George Rebane

The recently launched Webb space telescope will be able to peer further back in time and see more of what was then there. As an amateur cosmologist, I’ve been interested in this new instrument for some years now. It brings these new capabilities to bear because of its very large mirror and that its imaging plane is designed to be sensitive to infra-red light. From high school we recall that IR has a long wavelength, and therefore can penetrate through all kinds of dust, water vapor, and other tiny stuff in space. It’ll be able to make out far-off galaxies through dust clouds that formed around 13.5B years ago, only 300M years after the Big Bang. (more here)

In the media we have been told that the Webb will orbit Earth’s L2 point shown in the above figure which also indicates the location of the other four Lagrange points. The L2 point is on the straight line connecting Earth and the Sun, and reported to be about a million miles beyond Earth’s orbit. Since this point in space stays on such a straight line, the angular rotation of L2 therefore equals that of Earth; along with our planet, it completes one rotation of the Sun in 365.25 days.

The Lagrange points are unique locations in a three-body configuration where the gravitational attraction of the two larger bodies provide ‘stable’ orbital points for much lighter third bodies. Of the three kinds of stability – conditional (marble on large ball), unconditional (marble in a bowl), neutral (marble on a flat plane) – only L4 and L5 are unconditionally stable in that if a lighter body there is perturbed, it will remain in the L4 or L5 region (cf. The Travelers of Jupiter). The other three points are conditionally stable, a perturbation from, say, the solar wind or the gravitational effects of the other planets, will push the lighter body away on a trajectory never to return. Hence, to keep the Webb telescope near L2 requires little accurately directed squirts of thrust now and then.

So, from the figure, let the Earth-to-L2 distance be *r _{EL2}*. For any kind of stability, at the L2 point we must have its centrifugal force outward equal the sum of the Sun’s and Earth’s gravitational forces inward (toward the Sun and the Earth). We can compute the actual value of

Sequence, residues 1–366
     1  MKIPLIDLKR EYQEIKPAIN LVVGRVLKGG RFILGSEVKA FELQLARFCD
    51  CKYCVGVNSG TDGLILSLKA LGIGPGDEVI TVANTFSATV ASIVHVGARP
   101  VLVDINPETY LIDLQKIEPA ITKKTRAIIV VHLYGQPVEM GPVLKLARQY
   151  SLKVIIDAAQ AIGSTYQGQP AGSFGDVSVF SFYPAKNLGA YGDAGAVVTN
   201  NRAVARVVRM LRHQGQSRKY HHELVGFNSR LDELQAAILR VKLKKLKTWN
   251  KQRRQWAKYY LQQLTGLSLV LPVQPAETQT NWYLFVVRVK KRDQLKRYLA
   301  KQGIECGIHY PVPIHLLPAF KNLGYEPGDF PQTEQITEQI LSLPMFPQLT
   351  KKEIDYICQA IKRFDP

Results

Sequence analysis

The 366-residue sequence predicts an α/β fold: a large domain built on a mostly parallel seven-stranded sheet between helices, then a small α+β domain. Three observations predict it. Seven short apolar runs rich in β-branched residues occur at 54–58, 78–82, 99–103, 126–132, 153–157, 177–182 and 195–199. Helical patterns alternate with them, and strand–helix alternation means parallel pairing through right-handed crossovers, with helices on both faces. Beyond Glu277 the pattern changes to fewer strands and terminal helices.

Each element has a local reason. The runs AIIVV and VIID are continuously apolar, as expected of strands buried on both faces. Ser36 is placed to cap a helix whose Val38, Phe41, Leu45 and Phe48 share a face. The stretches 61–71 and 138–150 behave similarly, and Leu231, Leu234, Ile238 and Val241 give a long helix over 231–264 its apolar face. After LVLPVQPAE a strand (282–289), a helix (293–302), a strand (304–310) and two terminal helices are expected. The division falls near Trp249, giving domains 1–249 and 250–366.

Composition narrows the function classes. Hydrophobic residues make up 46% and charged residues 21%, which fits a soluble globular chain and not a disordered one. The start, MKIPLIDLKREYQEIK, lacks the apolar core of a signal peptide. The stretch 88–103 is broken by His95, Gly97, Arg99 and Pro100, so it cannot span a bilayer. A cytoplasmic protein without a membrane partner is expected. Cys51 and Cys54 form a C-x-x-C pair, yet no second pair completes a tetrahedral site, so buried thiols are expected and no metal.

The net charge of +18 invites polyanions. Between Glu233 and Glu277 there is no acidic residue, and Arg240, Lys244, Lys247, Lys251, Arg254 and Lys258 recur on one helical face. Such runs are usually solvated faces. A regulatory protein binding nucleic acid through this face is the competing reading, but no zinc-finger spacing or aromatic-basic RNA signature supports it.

*r*from some straightforward formulas, namely Newton’s gravitational attraction and the centrifugal force formulas known from physics. I show this derivation in the panel below.

_{EL2}But first we need to define the terms. The *m _{x}* are the masses for

*x*= Sun, Earth, Webb at L2. The

*r*are the respective distances in the three-body orbital plane.

_{x}*G*is the gravitational constant in Newton’s law of gravity, and

*τ*is Earth’s orbital period (one year) around the sun.

_{E}These calculations, along with the proper values for all the terms, are shown in the spreadsheet figure below. The astute spreadsheet driver will note that I used Excel’s nonlinear gradient search feature in its ‘Solver’ function to solve for the value of *r _{EL2}* that drives the equation in the box to zero – i.e. the left-hand side is the ‘utility’ to be minimized by the correct value of

*r*; its minimized value is highlighted in yellow. (This saved me from having to produce the analytical solution for a cubic equation – discretion is the better part of valor.)

_{EL2}And there you have it. The Earth-L2 distance is actually 943,769 miles, and not the nice rounded one million miles – a 6% error. And BTW, my calculated values agree with what’s published in the literature, so there. Newton still rules for these kinds of calcs.